Authorities in Saudi Arabia have announced a new crackdown on witchcraft. According to Arabic newspaper Asharq Al-Awsat,
Sources within the Committee for the Promotion of Virtue and Prevention of Vice [that's the religious police] in Saudi Arabia have revealed to Asharq Al-Awsat that the CPVPV will move to combat magic and those who practice it, and regulate the exercise of legitimate spiritual healing, by instituting a system designed to deal with such practices which are against Islamic Shariaa Law...Asharq Al-Awsat managed to obtain a copy of this draft which gives the police the right to deal with witches and sorcerers, and the means to identify and convict them.
There have been crackdowns before, even death sentences - and charges of witchcraft are not infrequently brought against domestic workers and other victims of the country's neo-medieval social system. But until now it has all been a bit disorganised and ad hoc. And as the subtle legal minds of Sprenger and Kramer discovered long ago, when you're dealing with Satanic mischief you need to lay down proper guidelines.
The report continues:
A study of this project was carried out by the Center for Research and Study which is affiliated to the CPVPV and which put a number of legal opinions on the table including; a definition of magic, witchcraft, divination, fortune-telling and other similar practices, a scientific definition to magical practices, and a model in order to help uncover such practices.
The study, also clarified the signs and symbols that can be used in the practice of magic, as well as the tools used to control magic, while also advising that a system of cooperation be initiated between the various authorities involved in this fight against such practices and those who perform them.
By "tools used to control magic" it's not entirely clear if they mean their own legal powers or, for example, magic wands.
The study also suggested that information be used in the fight against magic, and that the public be warned against it, as the CPVPV has been attempting to do.
A warning, by the way, that the Heresiarch would heartily endorse. Turning someone into a frog can be very dangerous. It's always nice to see an "awareness campaign". And we should bear in mind that even the EU has seen fit to legislate against psychics.
But what has led to this new initiative? It appears that just as we in Britain are threatened by epidemics of obese children or "extreme" internet porn, the Saudis are menaced by a less visible but equally growing problem:
Previous cases involving magic prosecuted by the CPVPV revealed the spread of witchcraft and magic throughout the country, and this is as a result of the number of arrested, and the information provided by the relevant authorities involved in the project to address these practices.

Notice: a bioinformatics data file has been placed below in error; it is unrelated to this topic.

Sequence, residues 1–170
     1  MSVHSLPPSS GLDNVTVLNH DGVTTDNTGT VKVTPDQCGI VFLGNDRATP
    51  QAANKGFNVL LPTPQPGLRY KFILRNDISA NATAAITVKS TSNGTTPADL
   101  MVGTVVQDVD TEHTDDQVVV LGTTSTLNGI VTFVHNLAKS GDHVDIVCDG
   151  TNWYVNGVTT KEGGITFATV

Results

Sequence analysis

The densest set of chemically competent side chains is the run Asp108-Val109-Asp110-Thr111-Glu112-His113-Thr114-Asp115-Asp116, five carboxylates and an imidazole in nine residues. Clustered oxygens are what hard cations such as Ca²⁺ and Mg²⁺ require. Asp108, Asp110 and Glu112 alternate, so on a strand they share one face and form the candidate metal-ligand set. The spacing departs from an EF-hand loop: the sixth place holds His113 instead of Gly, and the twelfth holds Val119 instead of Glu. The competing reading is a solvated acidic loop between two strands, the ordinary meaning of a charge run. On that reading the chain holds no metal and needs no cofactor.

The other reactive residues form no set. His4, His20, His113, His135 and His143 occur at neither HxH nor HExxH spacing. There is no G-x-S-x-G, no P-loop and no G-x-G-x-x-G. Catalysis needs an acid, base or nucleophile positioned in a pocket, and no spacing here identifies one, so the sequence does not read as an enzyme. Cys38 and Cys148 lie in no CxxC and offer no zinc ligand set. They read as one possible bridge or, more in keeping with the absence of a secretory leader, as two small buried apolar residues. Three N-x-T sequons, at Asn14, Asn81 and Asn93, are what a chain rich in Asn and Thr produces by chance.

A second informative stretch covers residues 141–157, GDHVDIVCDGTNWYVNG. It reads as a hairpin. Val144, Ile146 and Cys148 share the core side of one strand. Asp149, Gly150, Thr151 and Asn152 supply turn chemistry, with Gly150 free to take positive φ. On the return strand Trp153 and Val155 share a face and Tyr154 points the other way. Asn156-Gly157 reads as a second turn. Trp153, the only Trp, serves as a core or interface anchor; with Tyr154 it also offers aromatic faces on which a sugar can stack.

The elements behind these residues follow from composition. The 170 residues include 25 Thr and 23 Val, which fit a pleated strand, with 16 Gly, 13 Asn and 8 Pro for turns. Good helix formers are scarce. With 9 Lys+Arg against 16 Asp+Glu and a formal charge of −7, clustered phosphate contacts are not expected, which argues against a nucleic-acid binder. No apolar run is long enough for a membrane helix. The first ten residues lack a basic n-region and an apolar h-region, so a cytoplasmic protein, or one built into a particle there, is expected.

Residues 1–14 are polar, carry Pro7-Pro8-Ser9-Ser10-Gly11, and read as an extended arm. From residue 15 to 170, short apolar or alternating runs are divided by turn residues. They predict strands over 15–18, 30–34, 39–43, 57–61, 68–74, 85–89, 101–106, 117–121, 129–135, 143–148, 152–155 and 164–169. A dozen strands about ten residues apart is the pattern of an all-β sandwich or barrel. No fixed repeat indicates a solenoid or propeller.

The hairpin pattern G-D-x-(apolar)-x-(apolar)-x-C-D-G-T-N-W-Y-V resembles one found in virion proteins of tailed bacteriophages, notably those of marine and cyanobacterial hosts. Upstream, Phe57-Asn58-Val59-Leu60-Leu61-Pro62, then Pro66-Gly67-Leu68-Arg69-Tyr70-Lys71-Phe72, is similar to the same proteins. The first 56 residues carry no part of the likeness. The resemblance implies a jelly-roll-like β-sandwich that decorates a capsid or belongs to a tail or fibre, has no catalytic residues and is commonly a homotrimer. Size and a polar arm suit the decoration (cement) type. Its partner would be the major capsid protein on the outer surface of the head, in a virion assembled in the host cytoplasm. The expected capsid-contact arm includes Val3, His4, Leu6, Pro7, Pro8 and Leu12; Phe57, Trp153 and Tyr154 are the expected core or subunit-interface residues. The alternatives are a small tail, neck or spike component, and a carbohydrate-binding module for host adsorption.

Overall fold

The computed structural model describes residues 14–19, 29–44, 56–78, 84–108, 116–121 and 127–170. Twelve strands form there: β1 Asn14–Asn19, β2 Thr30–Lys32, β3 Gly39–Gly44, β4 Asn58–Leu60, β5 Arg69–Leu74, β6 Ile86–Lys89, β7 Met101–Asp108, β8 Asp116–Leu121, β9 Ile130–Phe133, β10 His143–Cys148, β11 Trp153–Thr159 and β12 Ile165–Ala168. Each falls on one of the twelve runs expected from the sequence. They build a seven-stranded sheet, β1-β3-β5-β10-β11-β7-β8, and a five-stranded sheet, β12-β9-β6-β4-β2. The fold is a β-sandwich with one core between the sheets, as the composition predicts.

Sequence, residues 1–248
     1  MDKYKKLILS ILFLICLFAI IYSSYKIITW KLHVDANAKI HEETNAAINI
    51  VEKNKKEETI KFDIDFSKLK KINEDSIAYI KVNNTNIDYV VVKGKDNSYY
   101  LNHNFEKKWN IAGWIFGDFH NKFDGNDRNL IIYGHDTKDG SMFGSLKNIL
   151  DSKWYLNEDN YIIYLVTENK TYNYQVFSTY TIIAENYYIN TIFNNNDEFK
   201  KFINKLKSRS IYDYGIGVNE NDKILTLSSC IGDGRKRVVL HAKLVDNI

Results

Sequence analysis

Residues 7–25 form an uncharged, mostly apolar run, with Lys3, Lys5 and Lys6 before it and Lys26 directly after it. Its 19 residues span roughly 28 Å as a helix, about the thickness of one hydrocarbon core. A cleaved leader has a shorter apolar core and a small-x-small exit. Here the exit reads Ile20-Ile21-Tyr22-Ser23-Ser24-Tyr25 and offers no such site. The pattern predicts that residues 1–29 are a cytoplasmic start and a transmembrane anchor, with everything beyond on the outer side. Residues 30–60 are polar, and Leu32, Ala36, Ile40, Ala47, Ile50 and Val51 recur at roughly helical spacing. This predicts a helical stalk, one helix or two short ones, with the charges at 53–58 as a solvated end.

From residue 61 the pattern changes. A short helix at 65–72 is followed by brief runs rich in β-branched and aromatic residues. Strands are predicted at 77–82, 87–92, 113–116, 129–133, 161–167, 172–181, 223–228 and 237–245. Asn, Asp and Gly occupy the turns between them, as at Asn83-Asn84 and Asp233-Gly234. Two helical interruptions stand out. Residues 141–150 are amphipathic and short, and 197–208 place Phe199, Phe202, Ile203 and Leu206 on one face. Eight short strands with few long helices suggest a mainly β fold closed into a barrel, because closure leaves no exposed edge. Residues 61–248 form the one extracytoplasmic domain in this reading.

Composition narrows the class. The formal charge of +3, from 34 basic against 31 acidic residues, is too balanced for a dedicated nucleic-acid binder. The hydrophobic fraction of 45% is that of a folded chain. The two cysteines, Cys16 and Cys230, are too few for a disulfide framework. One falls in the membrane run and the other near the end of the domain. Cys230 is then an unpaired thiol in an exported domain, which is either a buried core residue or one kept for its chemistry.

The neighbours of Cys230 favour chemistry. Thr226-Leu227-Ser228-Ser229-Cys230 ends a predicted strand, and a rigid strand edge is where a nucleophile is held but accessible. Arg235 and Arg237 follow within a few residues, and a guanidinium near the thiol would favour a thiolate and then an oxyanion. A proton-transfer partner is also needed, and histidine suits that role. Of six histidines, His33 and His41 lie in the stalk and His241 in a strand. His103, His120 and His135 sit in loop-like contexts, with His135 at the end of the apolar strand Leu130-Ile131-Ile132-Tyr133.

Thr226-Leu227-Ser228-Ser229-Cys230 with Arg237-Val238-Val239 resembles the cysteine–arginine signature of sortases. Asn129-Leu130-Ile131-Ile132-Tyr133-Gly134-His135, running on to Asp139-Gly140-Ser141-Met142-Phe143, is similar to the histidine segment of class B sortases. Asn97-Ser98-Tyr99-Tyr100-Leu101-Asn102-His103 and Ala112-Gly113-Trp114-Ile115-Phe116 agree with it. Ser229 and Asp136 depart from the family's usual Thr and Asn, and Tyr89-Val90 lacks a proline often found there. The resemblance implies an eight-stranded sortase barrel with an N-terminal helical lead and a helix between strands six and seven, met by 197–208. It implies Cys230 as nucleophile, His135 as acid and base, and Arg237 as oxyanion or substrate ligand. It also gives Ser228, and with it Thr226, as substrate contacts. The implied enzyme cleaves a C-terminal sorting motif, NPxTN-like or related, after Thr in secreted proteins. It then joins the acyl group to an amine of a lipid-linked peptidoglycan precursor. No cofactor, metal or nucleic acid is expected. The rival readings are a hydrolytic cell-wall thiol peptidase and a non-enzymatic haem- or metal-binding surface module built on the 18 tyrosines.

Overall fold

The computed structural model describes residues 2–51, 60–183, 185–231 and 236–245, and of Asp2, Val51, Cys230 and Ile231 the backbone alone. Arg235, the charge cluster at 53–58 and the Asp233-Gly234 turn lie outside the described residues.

The joint-taskforce comprising the CPVPV and the appropriate security agencies was adopted in order to combat what the CPVPV leadership called "the manifestations of this problem, and to define the responsibilities of the parties involved in order to reduce the spread [of magic]" while also recommending that incentives be given to the security agencies that combat magic and witchcraft.
A bonus per witch convicted, presumably. We all know how effective that can be in improving the performance of the police. But why now? It seems to be largely down to (you've guessed it) the internet. The report stressed the need for "regulations to be put in place with regards to the role of telecommunication and Internet service providers to protect the public from communication and television channels that promote magic, while also penalizing those that perpetrate such crimes." But where do they propose to draw the line? Are Harry Potter fansites to blame for the spread of witchcraft and wizardry in the kingdom (as not a few Christian campaigners believe) - or are we talking something more sinister, real "hardcore" black magic sites which contain details of actual spells? The suspicion must be that such websites might lead vulnerable or impressionable people to cross a line and actually start practising black magic. No doubt they "normalise" sorcery, giving "permission" to potential wizards who might otherwise have kept magical thoughts to themselves.
The report concludes:
The rationale behind the CPVPV study, was to seek to fill the vacuum by making legal and regulatory determinations, as well as clarify the burden of evidence for magic and witchcraft cases as being scientific and practical, while also increasing the number of those involved in combating such cases, from the security agents on the ground, including the men of the CPVPV, to investigators, and judges.
Closing loopholes, appealing to science, hiring more staff to combat an imaginary problem. It could almost be New Labour.